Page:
With the rest of the world struggling with inflationary pressure and a looming episode of recession, India has emerged as a major player in the global market … writes Dr Rakesh Sharma
The investment-led growth trajectory embarked on by India has led many experts to produce an optimistic assessment of the economy, leading to the building of a USD 5 trillion economy soon. India’s equity market’s outstanding performance is not being considered a sporadic occurrence but rather a beginning of a sustained upward trend. Moreover, India’s weight in MSCI Emerging Markets Index has risen by 5 percentage points while that of China has fallen by 7 percentage points.
However, the financial market is not the only sphere where the Indian economy has shocked the world. The recent Air India deal with Boeing and Airbus has acquainted the world with the massiveness of India’s economic potential. The unprecedented colossal order placed by India in the international market has set forth the economics of demand-driven growth.
The order for more than 500 aircraft comes with multiple backward and forward linkages, benefitting Indian and world economies together. Felicitated by US President Joe Biden as a “historic agreement,” the deal stands to create over one million jobs in the US. In the same spirit, UK’s Prime Minister Rishi Sunak welcomes the deal for supporting job creation and growth in the UK. The agreement also stands to create more than 5000 jobs in the Indian aviation industry, thus boosting employment in both the manufacturing and service sector worldwide.
Accompanied by India’s capital expenditure on building new airports, the deal stands to provide an edge to Air India in providing air services globally. The agreement also, in turn, feeds into the nation’s goal of self-reliance. With the expansion of Air India, India intends to enter the US and Australian markets while challenging the monopoly of the Gulf airlines in the aviation market.
The Air India deal is one of the many examples of the expansion of India Inc. abroad and its contribution to global economic growth. Over the last two decades, Indian companies have adopted globalization strategies by establishing their plants abroad, acquiring sick units, and penetrating newer geographies in developed and emerging markets. These include giants like Bharat Forge, Asian Paints, Marico, Wipro, and Aurobindo Pharma, to name a few. Not just the giants but the start-ups are also scaling up fast by acquiring companies in both developed as well as emerging economies.
Start-ups like OYO, BYJUs, and Zomato have acquired companies in Amsterdam and the US to scale up their operations. What drives India Inc.’s fast pace internationalisation? The answer lies in the values and experiences learned by these companies while growing in a country marked by resource and capacity constraints. To put it metaphorically, the lessons by-hearted by Indian companies during their growth process can be summarised as ECG – Efficiency, Consciousness, and Growth.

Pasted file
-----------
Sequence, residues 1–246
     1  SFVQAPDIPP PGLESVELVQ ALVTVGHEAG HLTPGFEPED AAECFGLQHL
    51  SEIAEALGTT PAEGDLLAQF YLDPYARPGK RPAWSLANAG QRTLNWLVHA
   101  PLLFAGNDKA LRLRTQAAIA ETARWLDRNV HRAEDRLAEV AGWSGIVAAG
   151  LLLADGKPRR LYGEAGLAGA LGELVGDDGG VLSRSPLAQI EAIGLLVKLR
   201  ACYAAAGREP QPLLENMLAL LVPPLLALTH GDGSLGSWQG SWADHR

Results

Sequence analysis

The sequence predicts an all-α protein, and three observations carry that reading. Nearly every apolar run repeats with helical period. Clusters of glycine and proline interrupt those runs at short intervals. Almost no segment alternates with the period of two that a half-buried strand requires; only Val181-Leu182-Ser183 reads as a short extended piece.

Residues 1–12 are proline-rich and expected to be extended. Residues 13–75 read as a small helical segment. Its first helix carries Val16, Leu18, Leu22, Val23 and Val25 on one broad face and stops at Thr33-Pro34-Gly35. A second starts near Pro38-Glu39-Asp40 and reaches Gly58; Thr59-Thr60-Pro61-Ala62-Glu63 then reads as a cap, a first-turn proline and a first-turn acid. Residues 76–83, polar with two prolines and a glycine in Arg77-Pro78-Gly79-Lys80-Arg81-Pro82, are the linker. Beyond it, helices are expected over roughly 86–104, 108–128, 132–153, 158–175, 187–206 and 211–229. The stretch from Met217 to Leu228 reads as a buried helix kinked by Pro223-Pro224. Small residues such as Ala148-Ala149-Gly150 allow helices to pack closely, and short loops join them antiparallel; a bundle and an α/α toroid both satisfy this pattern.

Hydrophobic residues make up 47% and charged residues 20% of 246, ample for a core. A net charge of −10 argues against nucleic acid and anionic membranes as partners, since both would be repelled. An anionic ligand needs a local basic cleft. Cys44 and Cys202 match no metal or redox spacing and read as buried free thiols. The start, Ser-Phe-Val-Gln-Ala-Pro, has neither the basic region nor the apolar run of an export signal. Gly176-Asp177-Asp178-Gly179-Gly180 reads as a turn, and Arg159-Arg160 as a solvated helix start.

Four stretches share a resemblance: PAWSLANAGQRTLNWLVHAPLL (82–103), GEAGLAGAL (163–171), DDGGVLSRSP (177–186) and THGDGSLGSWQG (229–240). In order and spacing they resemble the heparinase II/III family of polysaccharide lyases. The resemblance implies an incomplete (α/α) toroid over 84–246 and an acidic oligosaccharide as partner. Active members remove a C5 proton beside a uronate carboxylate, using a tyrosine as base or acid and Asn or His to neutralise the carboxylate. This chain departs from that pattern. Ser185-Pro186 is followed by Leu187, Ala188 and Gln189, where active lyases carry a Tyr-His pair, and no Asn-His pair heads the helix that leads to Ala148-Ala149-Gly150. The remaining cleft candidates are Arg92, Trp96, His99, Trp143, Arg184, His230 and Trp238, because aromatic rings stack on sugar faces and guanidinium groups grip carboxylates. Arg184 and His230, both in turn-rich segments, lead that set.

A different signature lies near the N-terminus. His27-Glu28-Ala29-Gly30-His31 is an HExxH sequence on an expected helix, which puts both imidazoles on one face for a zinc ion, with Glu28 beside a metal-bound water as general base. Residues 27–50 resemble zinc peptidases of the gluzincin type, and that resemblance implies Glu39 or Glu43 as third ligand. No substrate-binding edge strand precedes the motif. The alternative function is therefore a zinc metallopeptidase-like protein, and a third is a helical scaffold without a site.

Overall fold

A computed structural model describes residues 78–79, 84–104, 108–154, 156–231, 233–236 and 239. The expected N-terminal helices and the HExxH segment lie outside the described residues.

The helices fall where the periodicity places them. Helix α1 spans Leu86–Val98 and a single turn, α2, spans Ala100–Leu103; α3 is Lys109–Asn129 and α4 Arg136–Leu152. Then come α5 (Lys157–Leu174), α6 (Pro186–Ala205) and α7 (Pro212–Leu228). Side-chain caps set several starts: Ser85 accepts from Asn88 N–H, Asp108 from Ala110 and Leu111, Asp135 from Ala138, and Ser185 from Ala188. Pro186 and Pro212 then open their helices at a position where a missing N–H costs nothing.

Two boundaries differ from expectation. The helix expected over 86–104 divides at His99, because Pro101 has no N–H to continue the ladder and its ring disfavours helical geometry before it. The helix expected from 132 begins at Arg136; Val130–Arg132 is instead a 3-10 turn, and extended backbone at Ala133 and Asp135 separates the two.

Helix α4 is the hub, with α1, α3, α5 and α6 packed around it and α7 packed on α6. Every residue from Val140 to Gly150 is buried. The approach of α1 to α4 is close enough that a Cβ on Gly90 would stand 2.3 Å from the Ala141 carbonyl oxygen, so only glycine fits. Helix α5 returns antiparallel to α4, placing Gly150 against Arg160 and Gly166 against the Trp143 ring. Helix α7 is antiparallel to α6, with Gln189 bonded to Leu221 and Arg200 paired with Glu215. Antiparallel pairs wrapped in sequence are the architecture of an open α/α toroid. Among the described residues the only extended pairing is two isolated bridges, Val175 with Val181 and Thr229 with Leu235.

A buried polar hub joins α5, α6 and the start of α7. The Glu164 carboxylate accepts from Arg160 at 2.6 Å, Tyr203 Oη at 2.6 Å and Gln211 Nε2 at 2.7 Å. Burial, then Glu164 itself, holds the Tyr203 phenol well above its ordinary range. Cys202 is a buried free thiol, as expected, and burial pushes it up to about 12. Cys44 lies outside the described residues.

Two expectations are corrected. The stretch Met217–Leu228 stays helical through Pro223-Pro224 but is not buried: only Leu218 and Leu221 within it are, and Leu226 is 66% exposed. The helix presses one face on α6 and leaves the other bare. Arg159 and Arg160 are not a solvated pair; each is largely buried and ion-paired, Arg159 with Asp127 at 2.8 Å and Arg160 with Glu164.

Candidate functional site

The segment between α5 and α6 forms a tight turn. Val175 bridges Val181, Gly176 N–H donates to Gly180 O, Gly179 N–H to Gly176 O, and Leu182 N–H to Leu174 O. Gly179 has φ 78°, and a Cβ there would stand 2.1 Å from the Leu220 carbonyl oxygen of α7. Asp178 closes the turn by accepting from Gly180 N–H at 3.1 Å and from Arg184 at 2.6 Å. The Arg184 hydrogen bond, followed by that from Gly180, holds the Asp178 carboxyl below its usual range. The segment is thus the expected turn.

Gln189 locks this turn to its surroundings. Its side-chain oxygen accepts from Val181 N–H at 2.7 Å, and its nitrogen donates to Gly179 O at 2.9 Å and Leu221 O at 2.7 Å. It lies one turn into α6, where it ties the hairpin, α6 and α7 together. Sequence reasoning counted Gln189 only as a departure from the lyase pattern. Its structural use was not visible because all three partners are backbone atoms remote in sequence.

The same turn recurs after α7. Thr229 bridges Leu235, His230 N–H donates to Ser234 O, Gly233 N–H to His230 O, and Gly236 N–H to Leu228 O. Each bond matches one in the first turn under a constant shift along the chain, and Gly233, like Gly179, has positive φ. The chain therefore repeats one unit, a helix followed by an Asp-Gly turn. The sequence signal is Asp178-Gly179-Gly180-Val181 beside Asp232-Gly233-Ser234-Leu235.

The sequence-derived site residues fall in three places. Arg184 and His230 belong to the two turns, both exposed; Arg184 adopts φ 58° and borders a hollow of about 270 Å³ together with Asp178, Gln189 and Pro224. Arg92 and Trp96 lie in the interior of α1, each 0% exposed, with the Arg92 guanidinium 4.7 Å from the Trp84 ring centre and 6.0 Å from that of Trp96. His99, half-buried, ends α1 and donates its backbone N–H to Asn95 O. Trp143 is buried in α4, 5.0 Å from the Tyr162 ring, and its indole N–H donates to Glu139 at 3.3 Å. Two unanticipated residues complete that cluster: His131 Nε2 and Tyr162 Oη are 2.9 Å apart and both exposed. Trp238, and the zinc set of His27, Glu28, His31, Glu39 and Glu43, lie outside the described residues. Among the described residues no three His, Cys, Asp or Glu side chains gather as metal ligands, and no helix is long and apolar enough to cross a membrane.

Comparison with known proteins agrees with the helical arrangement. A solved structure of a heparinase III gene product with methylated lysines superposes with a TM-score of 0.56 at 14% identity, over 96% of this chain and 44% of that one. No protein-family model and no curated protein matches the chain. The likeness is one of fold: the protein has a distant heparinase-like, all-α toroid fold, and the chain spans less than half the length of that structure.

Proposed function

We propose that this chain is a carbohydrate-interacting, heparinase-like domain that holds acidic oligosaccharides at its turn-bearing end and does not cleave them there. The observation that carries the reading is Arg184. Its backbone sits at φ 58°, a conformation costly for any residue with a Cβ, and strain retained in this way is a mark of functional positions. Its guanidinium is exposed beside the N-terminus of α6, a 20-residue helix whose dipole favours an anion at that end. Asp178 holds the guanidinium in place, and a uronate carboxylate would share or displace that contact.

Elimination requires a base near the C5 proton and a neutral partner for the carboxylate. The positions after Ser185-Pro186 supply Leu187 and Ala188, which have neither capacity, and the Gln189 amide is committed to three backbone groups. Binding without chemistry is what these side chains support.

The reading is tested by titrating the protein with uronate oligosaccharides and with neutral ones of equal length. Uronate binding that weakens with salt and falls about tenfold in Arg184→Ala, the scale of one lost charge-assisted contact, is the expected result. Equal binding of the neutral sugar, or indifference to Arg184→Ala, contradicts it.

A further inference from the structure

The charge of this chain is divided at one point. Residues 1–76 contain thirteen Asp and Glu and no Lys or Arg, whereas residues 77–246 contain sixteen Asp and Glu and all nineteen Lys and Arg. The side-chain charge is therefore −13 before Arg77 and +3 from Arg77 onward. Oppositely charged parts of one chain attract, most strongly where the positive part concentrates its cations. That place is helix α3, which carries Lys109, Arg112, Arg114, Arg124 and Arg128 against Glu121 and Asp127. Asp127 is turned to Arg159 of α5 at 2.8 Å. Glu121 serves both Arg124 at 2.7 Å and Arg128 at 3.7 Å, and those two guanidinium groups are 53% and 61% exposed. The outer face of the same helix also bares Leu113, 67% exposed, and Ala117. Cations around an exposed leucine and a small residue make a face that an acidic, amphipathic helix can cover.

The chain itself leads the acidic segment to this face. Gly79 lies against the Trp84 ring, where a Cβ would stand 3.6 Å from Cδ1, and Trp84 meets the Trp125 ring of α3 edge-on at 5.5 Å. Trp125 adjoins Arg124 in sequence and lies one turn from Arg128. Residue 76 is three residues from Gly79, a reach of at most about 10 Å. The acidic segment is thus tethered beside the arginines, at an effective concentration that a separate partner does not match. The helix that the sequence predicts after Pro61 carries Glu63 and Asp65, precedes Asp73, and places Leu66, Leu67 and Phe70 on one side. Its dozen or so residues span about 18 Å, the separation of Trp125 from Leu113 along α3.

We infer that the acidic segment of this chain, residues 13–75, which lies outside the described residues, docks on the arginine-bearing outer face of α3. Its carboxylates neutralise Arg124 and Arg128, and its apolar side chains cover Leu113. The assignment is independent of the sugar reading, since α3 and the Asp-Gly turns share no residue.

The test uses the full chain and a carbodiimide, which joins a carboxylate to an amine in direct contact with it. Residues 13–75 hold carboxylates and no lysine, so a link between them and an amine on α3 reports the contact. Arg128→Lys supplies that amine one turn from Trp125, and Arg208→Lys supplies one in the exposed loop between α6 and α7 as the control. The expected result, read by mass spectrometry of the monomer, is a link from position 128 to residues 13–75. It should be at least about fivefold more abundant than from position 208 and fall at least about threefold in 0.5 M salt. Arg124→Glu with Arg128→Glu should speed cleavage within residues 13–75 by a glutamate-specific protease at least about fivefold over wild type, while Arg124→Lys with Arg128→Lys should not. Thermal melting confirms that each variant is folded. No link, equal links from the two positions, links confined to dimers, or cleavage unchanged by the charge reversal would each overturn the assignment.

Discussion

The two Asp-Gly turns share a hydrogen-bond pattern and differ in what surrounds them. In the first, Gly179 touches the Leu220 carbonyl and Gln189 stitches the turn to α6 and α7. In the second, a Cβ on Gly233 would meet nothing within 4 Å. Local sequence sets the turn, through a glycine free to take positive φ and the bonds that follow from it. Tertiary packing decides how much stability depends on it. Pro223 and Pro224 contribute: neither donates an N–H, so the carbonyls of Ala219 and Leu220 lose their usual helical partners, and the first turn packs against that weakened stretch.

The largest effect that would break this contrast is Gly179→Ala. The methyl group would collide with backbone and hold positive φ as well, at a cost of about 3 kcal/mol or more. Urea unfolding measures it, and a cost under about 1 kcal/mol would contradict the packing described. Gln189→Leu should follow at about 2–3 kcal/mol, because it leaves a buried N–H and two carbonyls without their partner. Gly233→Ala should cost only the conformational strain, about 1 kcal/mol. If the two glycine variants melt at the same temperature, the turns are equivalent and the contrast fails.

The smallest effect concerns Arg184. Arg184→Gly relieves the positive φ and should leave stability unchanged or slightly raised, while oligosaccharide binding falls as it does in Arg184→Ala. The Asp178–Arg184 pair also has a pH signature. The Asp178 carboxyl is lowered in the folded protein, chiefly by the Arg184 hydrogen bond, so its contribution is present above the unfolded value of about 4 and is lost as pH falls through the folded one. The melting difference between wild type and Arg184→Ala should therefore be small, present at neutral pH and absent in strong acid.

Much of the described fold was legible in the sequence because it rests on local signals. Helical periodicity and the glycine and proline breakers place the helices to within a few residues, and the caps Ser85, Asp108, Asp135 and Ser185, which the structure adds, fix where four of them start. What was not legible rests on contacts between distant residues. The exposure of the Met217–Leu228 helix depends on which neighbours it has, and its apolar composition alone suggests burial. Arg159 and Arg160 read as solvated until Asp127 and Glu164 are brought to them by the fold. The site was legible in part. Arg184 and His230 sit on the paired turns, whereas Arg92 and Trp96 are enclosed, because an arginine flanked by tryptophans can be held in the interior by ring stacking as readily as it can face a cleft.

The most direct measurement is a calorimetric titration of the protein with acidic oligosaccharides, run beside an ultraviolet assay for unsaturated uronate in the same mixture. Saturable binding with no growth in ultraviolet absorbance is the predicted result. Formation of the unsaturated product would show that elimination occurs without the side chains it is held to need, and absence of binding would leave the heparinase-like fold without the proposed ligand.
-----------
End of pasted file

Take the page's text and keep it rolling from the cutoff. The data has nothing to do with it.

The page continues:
First, the efficiency is achieved by corporates not through the Jugaad economy, for which India was notoriously famous, but by adopting innovative and cost-effective strategies which they have honed over the years while growing in India. Second, Indian companies have been altering their operations, workspaces, and HR policies to reflect the ethos of sustainability and inclusion. Giants like Infosys, Taj Hotels, Kotak, Godrej, and Mahindra have committed to sustainable practices ranging from building sustainable business campuses to as small as switching from plastic bottles and straws.
Not just giants, even start-ups have adopted conscious policies like paid parental leave to ensure gender diversity given by Zomato. This model of compassionate capitalism 910 adopted by Indian companies provides a unique impetus for their global expansion. Third, the vie to scale up at a fast pace, and the resilience is quite evident, looking at their progress since the 1991 reforms. The economic reforms came with the fear that Indian Inc. would perish with the advent of MNCs. However, this fear has not only been found baseless but also, as evident, India Inc. has speedily internationalised itself using greenfield investments or acquisitions in developed and emerging economies over the last three decades. Indian companies’ intention to raise employees’ salaries by 10%11 on average, despite the global slowdown, is a testament to the growth prospects of India Inc.
The demand-driven growth led by corporate India is attributed to two main interlinked factors. One is the sheer size of the Indian population, accompanied by the window of demographic dividend. Second is the substantial improvement in the standard of living, with rising labour force participation and per capita incomes. This has led to growth led by increasing consumer demand, expectations for which remain strong despite macroeconomic and climatic vagaries. These conditions combine to deliver a paradigm of demand-driven growth nationally and globally. IMF’s projections provide evidence for the same. India is expected to alone provide 15% of global economic growth in 2023, along with global growth above the rate much above the world average.
Lastly, the resilience exhibited by the Indian economy with the unfettered scaling up of India Inc. in domestic and international markets exemplifies the harmony and synergies between corporates and the state. The massive capital expenditure on infrastructure by the government is providing the corporates avenues to support growth and employment generation domestically and globally. With this the world economy has ushered into a new era of globalization and economic growth facilitated by India’s and its corporates’ resilient and robust growth.